At the time of this publication, the US Opioid Crisis claims 130 lives every day due to lethal overdose. Prescription opioids for medical use quickly create reliance and addiction in patients. In response, regulations are being enforced to reduce and limit opioid doses, leaving suffering patients to search for pain relief elsewhere.
The U.S. Department of Health and Human Services (HHS) is actively searching for a solution to the opioid crisis, and we propose that Cannabidiol offers a viable option.
How CBD Can Help With Addiction
Research reflects that addiction recovery programs using a cannabis-inclusive model have the potential to reduce harm to patients, by reducing deaths, assisting withdrawal from opioids, and supporting the detox process. Contrary to unwarranted concerns of cannabis being a gateway to illicit drug use, instead cannabis is shown to decrease opioid use and treat heroin addiction. According to the documentary: “This Drug May Kill You”, opioid pain medications are the leading gateway to heroin use and addiction. Following this, additional research indicates cannabinoids like CBD represent a safe and effective option for supporting addiction recovery.
Reviewing objective research, there are many studies supporting that cannabis may address the underlying cause of med-seeking behaviors (ie: pain), thereby reducing the need for opioids while also offering the potential to safely mitigate the sometimes harsh symptoms of withdrawal such as nausea, discomfort, and malaise. In fact, in states with medical cannabis laws, the death toll of opioid addiction has reduced significantly. In addition, cannabis has been identified to safely reduce withdrawals and enhance concurrent Methodone therapy.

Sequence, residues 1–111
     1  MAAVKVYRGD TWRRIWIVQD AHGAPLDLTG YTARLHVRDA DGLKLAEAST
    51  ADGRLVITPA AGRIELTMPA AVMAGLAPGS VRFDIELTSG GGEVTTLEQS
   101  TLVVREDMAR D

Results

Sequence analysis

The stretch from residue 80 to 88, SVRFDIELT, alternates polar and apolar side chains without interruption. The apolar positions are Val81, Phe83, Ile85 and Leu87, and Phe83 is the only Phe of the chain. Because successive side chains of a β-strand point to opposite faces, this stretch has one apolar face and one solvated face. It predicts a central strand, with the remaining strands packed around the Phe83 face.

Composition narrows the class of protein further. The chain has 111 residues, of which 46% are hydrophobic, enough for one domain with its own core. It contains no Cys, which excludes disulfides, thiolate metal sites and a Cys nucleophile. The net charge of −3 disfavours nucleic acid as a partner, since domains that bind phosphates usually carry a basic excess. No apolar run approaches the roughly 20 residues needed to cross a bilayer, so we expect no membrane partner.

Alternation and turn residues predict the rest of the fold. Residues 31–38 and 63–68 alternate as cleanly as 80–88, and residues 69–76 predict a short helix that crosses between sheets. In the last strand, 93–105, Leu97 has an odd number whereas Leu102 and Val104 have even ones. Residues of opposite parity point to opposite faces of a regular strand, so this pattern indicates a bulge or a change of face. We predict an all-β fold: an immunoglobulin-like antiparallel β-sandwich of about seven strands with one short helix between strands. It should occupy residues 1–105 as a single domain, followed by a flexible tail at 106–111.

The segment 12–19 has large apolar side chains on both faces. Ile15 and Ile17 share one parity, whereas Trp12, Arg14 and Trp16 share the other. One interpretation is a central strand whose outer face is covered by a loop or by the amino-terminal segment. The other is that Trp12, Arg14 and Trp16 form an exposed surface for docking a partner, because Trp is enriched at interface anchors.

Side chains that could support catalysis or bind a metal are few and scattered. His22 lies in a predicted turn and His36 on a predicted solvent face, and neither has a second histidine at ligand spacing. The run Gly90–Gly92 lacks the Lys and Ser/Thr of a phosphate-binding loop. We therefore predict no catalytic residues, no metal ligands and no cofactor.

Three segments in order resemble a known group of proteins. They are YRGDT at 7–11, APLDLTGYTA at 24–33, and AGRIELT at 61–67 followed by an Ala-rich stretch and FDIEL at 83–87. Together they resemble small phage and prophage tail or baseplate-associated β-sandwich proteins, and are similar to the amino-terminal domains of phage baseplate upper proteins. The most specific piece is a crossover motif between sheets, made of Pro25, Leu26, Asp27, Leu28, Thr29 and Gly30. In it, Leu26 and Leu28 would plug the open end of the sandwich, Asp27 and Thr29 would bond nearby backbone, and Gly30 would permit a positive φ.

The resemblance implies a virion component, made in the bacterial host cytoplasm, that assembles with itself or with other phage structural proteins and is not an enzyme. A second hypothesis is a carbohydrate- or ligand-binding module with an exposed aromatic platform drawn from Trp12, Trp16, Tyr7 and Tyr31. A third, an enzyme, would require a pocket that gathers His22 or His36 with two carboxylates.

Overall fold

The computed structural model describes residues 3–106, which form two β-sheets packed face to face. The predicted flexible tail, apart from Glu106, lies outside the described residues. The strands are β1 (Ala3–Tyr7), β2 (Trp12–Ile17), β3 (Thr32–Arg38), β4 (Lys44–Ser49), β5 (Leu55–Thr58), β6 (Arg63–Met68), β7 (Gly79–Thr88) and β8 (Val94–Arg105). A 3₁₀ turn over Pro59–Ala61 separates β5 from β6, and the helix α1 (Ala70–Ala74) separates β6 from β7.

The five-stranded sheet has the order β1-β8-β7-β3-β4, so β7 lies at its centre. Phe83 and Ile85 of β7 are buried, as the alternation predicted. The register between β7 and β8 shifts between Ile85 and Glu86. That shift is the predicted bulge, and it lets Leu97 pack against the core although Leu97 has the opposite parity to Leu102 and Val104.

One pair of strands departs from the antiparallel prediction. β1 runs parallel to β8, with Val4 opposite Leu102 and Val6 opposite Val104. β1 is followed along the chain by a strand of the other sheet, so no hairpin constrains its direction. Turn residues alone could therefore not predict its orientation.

According to Dr. Dustin Sulak, renowned cannabinoid therapeutics physician, “Of 542 opioid users who added cannabis, 39% completely stopped opioid use, and another 39% reduced their opioid dosage.”
In another self-report study of 2987 patients, cannabis effectively reduced pain and opioid dependence, thereby safely reducing the risk of overdose deaths. As a result, ninety-seven percent of the sample strongly agreed/agreed that they were able to decrease the amount of opiates they consumed when they used cannabis, and 81% strongly agreed/agreed that taking cannabis by itself was more effective at treating their condition than taking cannabis with opioids.
According to a recent study by the WHO, Cannabidiol (CBD) was declared as non-addictive and given an excellent safety profile. CBD is a safe and non-intoxicating compound of cannabis, thereby alleviating any escapism concerns of use for those suffering addiction problems. Many addictions result from a desire to self-medicate mental health disorders, and this is another potential target of applied medical cannabis. According to this systemic review, Cannabinoids like CBD have shown potential for disorders such as PTSD, thereby reducing the risk of harm to self or others. CBD is also reflected in research as an intervention to balance neurotransmitters, potentially alleviating symptoms of mental health disorders like depression, psychosis, schizophrenia, anxiety, and bipolar.
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